At a meeting held on Saturday 30th August 2014 in Wellington Geoff Rowling resigned as president of the NZRFC and vice president Ted Howard was appointed to the role of president.
Ted comes from Kaikoura, is in his 10th year as president of the Kaikoura Boating Club, and has a long history of involvement in both recreational and commercial fishing, conservation, marine science, local and national politics.
Ted comes to the role with a commitment to having a greater abundance in the inshore than is present for many species, to developing local management, and to management that involves whole ecosystem considerations. His experience in the Te Korowai process over the last 9 years has given him some idea of what is involved.
The situation as Ted sees it.
Creating abundance will involve changes in the way all people interact with the ocean:
- changes in behaviour by most recreational fishers, coming from new levels of understanding of the realities, and including all different groups within the sector talking and working together;
- changes in behaviour by most commercial fishers, mainly from changes to fishing practices that kill fewer fish and do less damage to the ocean floor, and in part from automated recording of more detailed information;
- changes in the way conservation groups behave towards fishers, both recreational and commercial, acknowledging the realities they face;
- changes in the way the bureaucracies interact with all sectors, including the wider public, in the speed with which they react to information, and in the scale and scope of management measures (much finer scale close to shore);
- changes in the political system to encourage and resource local management, to resource better science, and to honestly and openly work through the difficult problems.
Crayfish management in the Kaikoura region seems to be a model for fisheries management. Commercial fishers have resisted government attempts to drive abundance down to deliver short term increases in export income, and both recreational and commercial fishers enjoy reasonable abundance as a result.
Crayfish management in the Gisborne city area seems to be an example of everything that isn’t working. The situation there is extremely complex, with many difficult issues that many different sectors are unwilling to face head on. There deep issues of sovereignty, unresolved in 180 years that need to be addressed that will take time and effort to settle fairly. There are issues around displaced effort from marine reserve creation contributing to localised collapse, that no one in DOC or the conservation movement more widely want to acknowledge or address, and embedded in that are issues around commercial compensation that treasury and cabinet want to avoid acknowledging or addressing. All sectors are losers at present. It is about as ugly as it gets politically, and it needs addressing. It needed addressing 20 years ago. There are no simple answers, and there are ways back to abundance.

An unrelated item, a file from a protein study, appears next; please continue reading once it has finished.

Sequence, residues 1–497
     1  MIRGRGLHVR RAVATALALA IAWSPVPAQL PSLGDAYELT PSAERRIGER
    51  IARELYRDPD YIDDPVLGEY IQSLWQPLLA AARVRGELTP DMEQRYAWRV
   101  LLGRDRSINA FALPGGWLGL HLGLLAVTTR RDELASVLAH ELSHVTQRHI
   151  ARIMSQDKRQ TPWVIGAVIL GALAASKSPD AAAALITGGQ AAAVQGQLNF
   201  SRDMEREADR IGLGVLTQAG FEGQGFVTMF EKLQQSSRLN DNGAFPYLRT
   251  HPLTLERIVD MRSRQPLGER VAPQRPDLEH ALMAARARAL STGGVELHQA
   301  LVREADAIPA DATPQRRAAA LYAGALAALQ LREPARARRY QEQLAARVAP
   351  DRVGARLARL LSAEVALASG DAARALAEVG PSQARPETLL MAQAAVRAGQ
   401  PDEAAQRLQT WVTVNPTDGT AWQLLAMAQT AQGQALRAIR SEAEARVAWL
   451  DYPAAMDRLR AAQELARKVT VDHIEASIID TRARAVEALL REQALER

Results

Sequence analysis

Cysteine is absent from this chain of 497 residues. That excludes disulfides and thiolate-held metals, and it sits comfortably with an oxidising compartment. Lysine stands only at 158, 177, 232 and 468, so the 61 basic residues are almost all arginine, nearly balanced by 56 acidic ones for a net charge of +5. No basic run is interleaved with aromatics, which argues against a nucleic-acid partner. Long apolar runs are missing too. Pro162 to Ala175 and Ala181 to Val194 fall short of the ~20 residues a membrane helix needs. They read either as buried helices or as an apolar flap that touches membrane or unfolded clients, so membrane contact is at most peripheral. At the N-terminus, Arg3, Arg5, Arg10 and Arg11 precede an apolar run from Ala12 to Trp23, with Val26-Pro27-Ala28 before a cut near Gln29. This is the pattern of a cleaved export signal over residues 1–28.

There is a strong need for integrity at all levels of debate.
The politicians and bureaucrats need to acknowledge that many of the fisheries laws are and always have been a fiction. That is a serious issue for many fishers, as for many it is, and always has been, impossible to work within the letter of the law, as the letter of the law has little relationship to the physical reality fishers face. Acknowledging that reality will be a good start towards creating systems that actually start to deliver what people expect of them.
Fishermen need to acknowledge that some practices really do need to change.
Conservation groups need to acknowledge that most fishermen really do want an abundant marine environment.
All of that is difficult when many people are firmly stuck in an us and them view of the world, and cannot clearly see that we are all in this together.
So it is not a simple journey we have ahead, and it does seem to be a journey worth making. There do in fact seem to be significant gains that can be delivered for all sectors, and it will take some real work to deliver them.
Acknowledging the current realities that exist seems to be step one (however ugly and unpleasant they may be).
Building trust and understanding is step two, and that is likely to involve a lot of time and effort and more than a little misunderstanding along the way. Such seems to be the nature of the process.
Getting from A to B is rarely a straight line when one is on the ocean, not many days are that calm; mostly there is a bit of wind or tide, a few rocks, other boats, etc, and a few changes of course are required. We should all be used to that.